Genetic footprints reveal geographic patterns of expansion in Fennoscandian red foxes

Karin Norén, Mark J. Statham, Erik O. Ågren, Marja Isomursu, Øystein Flagstad, Nina E. Eide, Thomas Bjørneboe G. Berg, Lene Bech-Sanderhoff, Benjamin Sacks

Research output: Contribution to journalArticlepeer-review

14 Scopus citations


Population expansions of boreal species are among the most substantial ecological consequences of climate change, potentially transforming both structure and processes of northern ecosystems. Despite their importance, little is known about expansion dynamics of boreal species. Red foxes (Vulpes vulpes) are forecasted to become a keystone species in northern Europe, a process stemming from population expansions that began in the 19th century. To identify the relative roles of geographic and demographic factors and the sources of northern European red fox population expansion, we genotyped 21 microsatellite loci in modern and historical (1835-1941) Fennoscandian red foxes. Using Bayesian clustering and Bayesian inference of migration rates, we identified high connectivity and asymmetric migration rates across the region, consistent with source-sink dynamics, whereby more recently colonized sampling regions received immigrants from multiple sources. There were no clear clines in allele frequency or genetic diversity as would be expected from a unidirectional range expansion from south to north. Instead, migration inferences, demographic models and comparison to historical red fox genotypes suggested that the population expansion of the red fox is a consequence of dispersal from multiple sources, as well as in situ demographic growth. Together, these findings provide a rare glimpse into the anatomy of a boreal range expansion and enable informed predictions about future changes in boreal communities.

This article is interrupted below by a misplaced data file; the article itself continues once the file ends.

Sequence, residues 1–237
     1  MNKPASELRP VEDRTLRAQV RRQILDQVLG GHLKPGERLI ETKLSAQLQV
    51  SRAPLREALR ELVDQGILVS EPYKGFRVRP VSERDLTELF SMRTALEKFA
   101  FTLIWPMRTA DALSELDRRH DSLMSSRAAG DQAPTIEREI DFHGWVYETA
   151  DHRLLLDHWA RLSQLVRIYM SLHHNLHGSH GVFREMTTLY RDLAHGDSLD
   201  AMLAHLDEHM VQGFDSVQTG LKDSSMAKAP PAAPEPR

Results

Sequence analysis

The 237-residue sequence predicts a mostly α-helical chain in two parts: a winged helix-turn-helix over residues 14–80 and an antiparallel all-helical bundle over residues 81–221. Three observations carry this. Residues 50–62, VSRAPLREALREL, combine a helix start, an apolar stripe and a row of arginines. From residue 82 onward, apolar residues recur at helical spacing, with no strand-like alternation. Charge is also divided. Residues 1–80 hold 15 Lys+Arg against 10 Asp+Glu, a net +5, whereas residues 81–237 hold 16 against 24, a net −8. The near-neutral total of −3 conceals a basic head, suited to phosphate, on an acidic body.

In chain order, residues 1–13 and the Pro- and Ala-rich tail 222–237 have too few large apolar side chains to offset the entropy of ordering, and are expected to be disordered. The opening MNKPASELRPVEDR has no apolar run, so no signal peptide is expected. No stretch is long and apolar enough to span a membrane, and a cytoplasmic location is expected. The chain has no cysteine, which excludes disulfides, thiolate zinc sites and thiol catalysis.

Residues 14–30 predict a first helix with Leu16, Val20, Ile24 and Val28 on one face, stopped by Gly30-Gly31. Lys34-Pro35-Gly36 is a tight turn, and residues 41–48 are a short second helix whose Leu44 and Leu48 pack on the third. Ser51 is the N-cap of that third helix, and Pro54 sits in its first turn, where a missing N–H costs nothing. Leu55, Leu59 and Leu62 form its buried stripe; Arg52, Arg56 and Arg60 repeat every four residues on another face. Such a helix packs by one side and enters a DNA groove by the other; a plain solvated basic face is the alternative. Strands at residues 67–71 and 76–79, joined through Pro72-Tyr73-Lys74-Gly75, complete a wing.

Original languageEnglish (US)
Pages (from-to)3299-3312
Number of pages14
JournalGlobal Change Biology
Issue number9
StatePublished - Jan 1 2015


  • Climate
  • Demography
  • Landscape
  • Microsatellites
  • Range shift
  • Vulpes vulpes

ASJC Scopus subject areas

  • Global and Planetary Change
  • Environmental Chemistry
  • Ecology
  • Environmental Science(all)


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